Tuesday night, DSHS received a letter from the U.S. Department of Health and Human Services directing states to expand eligibility to include people who work in school and child care operations.
The federal directive defined the people eligible as “those who work in pre-primary, primary, and secondary schools, as well as Head Start and Early Head Start programs (including teachers, staff, and bus drivers) and those who work as or for licensed child care providers, including center-based and family care providers.”
DSHS said this does not change the other groups prioritized for vaccination in Texas. Providers are encouraged to continue their efforts to vaccinate older adults since the burden of COVID-19 falls most severely on people age 65 and older.
Earlier Wednesday, CVS Health announced it had opened up COVID-19 vaccine appointments in Texas to include K-12 teachers, daycare and preschool workers, and staff.
The move is to align CVS with the Federal Retail Pharmacy Program's guidelines, which is the federal partnership that directly provides the doses to thousands of pharmacies across the country.
There are currently 9,000 pharmacy locations participating in the federal program across the country. There are plans in place to eventually have vaccinations available at more than 40,000 retail locations with 21 different drug store group partners nationwide.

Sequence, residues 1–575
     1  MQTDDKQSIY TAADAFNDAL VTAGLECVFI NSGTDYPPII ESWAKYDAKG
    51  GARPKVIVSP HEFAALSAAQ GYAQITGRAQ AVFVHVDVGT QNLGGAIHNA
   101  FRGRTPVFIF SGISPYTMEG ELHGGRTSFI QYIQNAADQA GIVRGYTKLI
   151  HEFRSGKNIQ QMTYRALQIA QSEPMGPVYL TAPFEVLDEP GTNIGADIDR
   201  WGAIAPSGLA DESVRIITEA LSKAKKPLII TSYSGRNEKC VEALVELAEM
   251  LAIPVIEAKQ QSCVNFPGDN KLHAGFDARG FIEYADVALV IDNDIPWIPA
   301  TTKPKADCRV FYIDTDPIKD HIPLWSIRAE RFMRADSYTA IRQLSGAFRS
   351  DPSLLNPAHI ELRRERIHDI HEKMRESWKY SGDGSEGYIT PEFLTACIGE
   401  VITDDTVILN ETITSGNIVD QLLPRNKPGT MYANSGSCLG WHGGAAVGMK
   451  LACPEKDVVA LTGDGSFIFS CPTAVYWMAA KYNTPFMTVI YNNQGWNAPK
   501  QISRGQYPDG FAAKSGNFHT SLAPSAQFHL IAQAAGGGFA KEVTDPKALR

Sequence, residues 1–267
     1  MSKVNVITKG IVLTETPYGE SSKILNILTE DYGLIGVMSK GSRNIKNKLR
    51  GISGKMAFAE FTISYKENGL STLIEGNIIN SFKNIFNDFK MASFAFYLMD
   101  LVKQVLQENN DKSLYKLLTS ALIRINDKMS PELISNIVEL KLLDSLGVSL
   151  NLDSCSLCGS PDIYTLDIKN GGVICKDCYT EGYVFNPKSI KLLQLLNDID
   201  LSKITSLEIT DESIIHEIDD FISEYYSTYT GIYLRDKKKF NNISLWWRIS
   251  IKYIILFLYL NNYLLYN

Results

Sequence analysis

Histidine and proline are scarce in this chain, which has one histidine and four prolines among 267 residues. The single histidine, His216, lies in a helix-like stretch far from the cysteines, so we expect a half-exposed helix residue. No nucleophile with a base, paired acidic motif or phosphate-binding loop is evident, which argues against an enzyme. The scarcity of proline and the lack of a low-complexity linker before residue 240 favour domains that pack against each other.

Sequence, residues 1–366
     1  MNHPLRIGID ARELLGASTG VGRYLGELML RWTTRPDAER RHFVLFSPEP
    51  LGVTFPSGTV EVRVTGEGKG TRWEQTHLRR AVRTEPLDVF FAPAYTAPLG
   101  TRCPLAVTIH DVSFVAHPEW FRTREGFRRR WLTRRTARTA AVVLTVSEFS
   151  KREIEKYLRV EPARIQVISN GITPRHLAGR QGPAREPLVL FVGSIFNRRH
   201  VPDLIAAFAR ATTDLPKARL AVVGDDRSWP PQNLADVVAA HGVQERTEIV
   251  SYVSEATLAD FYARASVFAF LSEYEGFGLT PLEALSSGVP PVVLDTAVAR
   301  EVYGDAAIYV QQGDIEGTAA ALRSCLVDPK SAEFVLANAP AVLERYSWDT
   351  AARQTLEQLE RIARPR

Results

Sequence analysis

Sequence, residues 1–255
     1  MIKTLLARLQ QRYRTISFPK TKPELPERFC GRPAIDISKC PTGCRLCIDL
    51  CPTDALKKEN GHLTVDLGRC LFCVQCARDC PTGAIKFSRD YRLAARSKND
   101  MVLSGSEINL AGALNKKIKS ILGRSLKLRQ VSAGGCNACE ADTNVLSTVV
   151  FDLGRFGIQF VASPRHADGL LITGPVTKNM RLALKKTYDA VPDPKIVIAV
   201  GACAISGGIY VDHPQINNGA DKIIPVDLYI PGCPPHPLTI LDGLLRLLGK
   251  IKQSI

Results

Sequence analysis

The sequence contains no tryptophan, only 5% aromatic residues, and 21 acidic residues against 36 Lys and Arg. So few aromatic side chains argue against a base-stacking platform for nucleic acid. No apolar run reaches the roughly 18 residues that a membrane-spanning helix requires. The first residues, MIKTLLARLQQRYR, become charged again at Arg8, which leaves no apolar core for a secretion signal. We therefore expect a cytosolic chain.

A Walmart spokesperson said the company would be giving out vaccines to anyone who is "eligible as determined by the state and federal governments."
The move to expand vaccine doses to the teacher and childcare cohort comes after President Joe Biden announced a new directive Tuesday to prioritize members of those groups for vaccinations.
The president wants states to get all teachers, school staff and childcare workers their first shot by the end of March, according to the CDC.
Houston Federation of Teachers says they have fought for this for months.
“Teachers there are everyday dealing with students. Sometimes teachers see over 100 students a day, depending on what they teach. And that means 100 possible exposures per day," HFT Attorney Sonia Gonzalez said.
Gonzalez said they’ve seen a number of teachers get sick. Sadly, some have even died.
“Everybody knows that COVID is spreading through schools. Students go to schools without symptoms. They expose the teachers, the staff at the campus," Gonzalez said.
But this is a new promise of protection for our educators.
“Our teachers want to be back in school safely," Gonzalez said.